TRAVIS L. McKINNEY Claimant-Respondent v. GEORGIA-PACIFIC CORPORATION and INDEMNITY INSURANCE COMPANY OF NORTH AMERICA Employer/Carrier- Petitioners
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DATE ISSUED: 08/03/2011 DECISION and ORDER
Appeal of the Attorney’s Fee Order of Karen P. Staats, District Director, United States Department of Labor.
Gregory A. Bunnell (Preston Bunnell & Flynn, LLP), Portland, Oregon, for claimant.
Norman Cole (Sather, Byerly & Holloway, LLP), Portland, Oregon, for employer/carrier.
Before: DOLDER, Chief Administrative Appeals Judge, SMITH and HALL, Administrative Appeals Judges.
Employer appeals the Attorney’s Fee Order of District Director Karen P. Staats (Case No. 14-150950) rendered on a claim filed pursuant to the provisions of the Longshore and Harbor Workers’ Compensation Act, as amended, 33 U.S.C. §901 et seq. (the Act). The amount of an attorney’s fee award is discretionary and will not be set aside unless shown by the challenging party to be arbitrary, capricious, an abuse of discretion or not in accordance with law. See Muscella v. Sun Shipbuilding & Dry Dock Co., 12 BRBS 272 (1980).
Claimant’s counsel filed a fee petition with the district director for work performed before the Office of Workers’ Compensation Programs (OWCP) from January 14, 2010 through June 15, 2010. Claimant’s counsel sought a fee of $3,342.25, representing 8.5 hours of attorney services at an hourly rate of $391, plus .125 of an hour of legal assistant services at an hourly rate of $150. Employer filed objections to the fee petition, to which it appended 10 exhibits.
In her fee order, the district director addressed the decisions of the United States Court of Appeals for the Ninth Circuit in Christensen v. Stevedoring Services of America, 557 F.3d 1049, 43 BRBS 6(CRT) (9 th Cir. 2009), and Van Skike v. Director, OWCP, 557 F.3d 1041, 43 BRBS 11(CRT) (9 th Cir. 2009), the Board’s decisions following the Ninth Circuit’s remand in Christensen, see Christensen v. Stevedoring Services of America [Christensen I], 43 BRBS 145 (2009), modified on recon. [Christensen II], 44 BRBS 39, recon. denied [Christensen III], 44 BRBS 75 (2010), aff’d mem., No. 10-73574 (9 th Cir. Aug. 1, 2011), and the Board’s fee order in an unpublished case, which, the district director stated, awarded Attorney Charles Robinowitz a fee based on an hourly rate of $384 per hour for work in 2009 and $392 for work in 2010 and a paralegal rate of $150 per hour. The district director determined that, similarly, counsel in this case is entitled to a fee based on the average hourly rate earned by the 95th percentile of general plaintiff civil litigation attorneys in the Portland, Oregon area. Consequently, relying on Christensen II, 44 BRBS 39, the district director awarded counsel the requested hourly rates of $391 for attorney services and $150 for legal assistant services rendered in 2010.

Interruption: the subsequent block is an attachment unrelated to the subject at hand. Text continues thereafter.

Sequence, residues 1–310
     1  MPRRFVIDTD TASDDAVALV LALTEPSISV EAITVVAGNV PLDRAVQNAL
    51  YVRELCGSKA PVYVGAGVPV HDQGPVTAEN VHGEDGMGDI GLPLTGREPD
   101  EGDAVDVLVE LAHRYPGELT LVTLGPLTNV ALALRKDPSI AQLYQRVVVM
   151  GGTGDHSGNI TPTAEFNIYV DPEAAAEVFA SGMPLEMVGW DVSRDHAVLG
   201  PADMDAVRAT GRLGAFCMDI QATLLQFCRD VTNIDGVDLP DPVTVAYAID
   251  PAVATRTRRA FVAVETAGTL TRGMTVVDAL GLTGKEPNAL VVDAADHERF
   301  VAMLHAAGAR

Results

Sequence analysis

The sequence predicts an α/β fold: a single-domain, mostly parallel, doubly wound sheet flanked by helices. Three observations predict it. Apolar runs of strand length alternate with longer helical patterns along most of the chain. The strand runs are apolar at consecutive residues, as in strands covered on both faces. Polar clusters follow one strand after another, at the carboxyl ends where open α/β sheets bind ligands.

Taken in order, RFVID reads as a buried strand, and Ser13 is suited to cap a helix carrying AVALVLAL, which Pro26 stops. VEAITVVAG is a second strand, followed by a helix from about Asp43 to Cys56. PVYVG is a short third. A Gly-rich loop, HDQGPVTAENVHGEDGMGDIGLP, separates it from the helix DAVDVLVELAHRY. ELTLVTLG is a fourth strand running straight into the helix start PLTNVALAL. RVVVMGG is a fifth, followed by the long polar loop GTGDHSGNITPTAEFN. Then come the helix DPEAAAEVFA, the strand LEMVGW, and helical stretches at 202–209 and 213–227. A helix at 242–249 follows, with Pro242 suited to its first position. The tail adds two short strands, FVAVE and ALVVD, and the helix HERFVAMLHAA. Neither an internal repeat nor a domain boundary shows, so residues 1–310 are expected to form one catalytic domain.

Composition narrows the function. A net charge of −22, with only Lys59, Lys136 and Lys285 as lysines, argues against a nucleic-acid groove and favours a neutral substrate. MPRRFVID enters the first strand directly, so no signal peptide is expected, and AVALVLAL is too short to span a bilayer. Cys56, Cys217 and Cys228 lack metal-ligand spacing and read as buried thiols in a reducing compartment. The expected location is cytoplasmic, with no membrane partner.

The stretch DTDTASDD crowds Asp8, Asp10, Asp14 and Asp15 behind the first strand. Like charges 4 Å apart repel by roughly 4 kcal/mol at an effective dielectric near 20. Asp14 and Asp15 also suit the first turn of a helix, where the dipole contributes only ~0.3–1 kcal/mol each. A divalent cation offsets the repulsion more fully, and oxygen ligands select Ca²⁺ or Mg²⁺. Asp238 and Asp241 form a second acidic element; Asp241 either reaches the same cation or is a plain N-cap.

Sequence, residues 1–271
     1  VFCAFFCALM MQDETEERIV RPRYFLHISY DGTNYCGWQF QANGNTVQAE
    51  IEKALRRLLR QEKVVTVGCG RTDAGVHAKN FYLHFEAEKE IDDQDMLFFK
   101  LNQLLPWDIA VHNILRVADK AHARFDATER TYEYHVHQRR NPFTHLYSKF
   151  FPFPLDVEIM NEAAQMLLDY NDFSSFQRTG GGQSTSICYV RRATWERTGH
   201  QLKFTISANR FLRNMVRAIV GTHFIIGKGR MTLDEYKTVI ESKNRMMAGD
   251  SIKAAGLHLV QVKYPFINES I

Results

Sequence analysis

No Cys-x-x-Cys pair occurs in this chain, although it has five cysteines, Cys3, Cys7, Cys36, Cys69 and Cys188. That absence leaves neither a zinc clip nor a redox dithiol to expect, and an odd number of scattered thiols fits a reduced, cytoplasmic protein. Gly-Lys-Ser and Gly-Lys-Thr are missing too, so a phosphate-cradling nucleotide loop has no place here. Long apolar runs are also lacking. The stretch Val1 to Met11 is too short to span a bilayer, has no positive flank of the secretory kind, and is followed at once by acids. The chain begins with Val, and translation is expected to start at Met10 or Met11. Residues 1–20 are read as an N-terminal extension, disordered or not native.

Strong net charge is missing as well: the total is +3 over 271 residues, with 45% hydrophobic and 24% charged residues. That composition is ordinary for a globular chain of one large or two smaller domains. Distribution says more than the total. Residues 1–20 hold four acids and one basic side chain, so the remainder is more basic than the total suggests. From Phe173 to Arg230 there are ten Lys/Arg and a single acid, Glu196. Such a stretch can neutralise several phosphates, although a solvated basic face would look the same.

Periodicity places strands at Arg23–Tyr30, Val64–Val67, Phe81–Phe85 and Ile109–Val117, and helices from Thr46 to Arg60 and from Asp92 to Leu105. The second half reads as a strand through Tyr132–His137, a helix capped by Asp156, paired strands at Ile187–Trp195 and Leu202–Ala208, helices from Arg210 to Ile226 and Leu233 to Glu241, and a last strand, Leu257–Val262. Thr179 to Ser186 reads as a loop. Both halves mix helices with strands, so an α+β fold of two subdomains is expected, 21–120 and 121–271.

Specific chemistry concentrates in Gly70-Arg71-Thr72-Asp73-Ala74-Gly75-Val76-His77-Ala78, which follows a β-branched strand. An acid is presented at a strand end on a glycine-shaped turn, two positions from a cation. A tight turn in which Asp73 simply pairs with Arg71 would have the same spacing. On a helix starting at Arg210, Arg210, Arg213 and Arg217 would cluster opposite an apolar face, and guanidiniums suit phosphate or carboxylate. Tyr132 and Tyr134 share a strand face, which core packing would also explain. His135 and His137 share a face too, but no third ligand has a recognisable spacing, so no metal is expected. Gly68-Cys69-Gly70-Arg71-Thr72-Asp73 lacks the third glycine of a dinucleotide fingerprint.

On appeal, employer challenges the fee award. Employer contends that the district director’s fee order should be vacated and the case remanded because claimant failed to present evidence of a market rate for his services and the district director failed to address the exhibits employer submitted with its objections to the requested hourly rates. Employer avers that these exhibits were not previously considered by the Board in its Christensen decisions and, therefore, the district director should have addressed this evidence and not merely relied on the Board’s rate determination for another attorney in Portland. Employer also asserts that the district director’s determination that counsel is entitled to a fee based on the average hourly rate earned by the 95th percentile of general plaintiff civil litigation attorneys in the Portland, Oregon, area cannot be affirmed. Claimant responds, urging affirmance of the district director’s fee award.
In Christensen, 557 F.3d 1049, 43 BRBS 6(CRT), involving an appeal of an attorney’s fee awarded by the Board, the Ninth Circuit stated that the definition of a “reasonable attorney’s fee” is the same for all federal fee-shifting statutes, id., 557 F.3d at 1052, 43 BRBS at 7(CRT) citing City of Burlington v. Dague, 505 U.S. 557 (1992), and that most fee-shifting awards are calculated using the lodestar method, which multiplies a
reasonable hourly rate by the number of hours reasonably expended. 1 Id., 557 F.3d at 1053, 43 BRBS at 8(CRT). The Ninth Circuit held that the Board erred in limiting the relevant community rates to those awarded in longshore cases in a geographic region. The court stated that the Board “must define the relevant community more broadly than simply [as] fee awards under the [Act.]” Christensen, 557 F.3d at 1055, 43 BRBS at 8-9(CRT). Thus, a “reasonable” hourly rate must reflect the rate: (1) that prevails in the “community” (2) for “similar” services (3) by an attorney of “reasonably comparable skill, experience, and reputation.” Christensen, 43 BRBS at 146. This analysis applies as well to attorney’s fee awards issued by administrative law judges and district directors. Van Skike, 557 F.3d at 1046-1047, 43 BRBS at 13-14(CRT).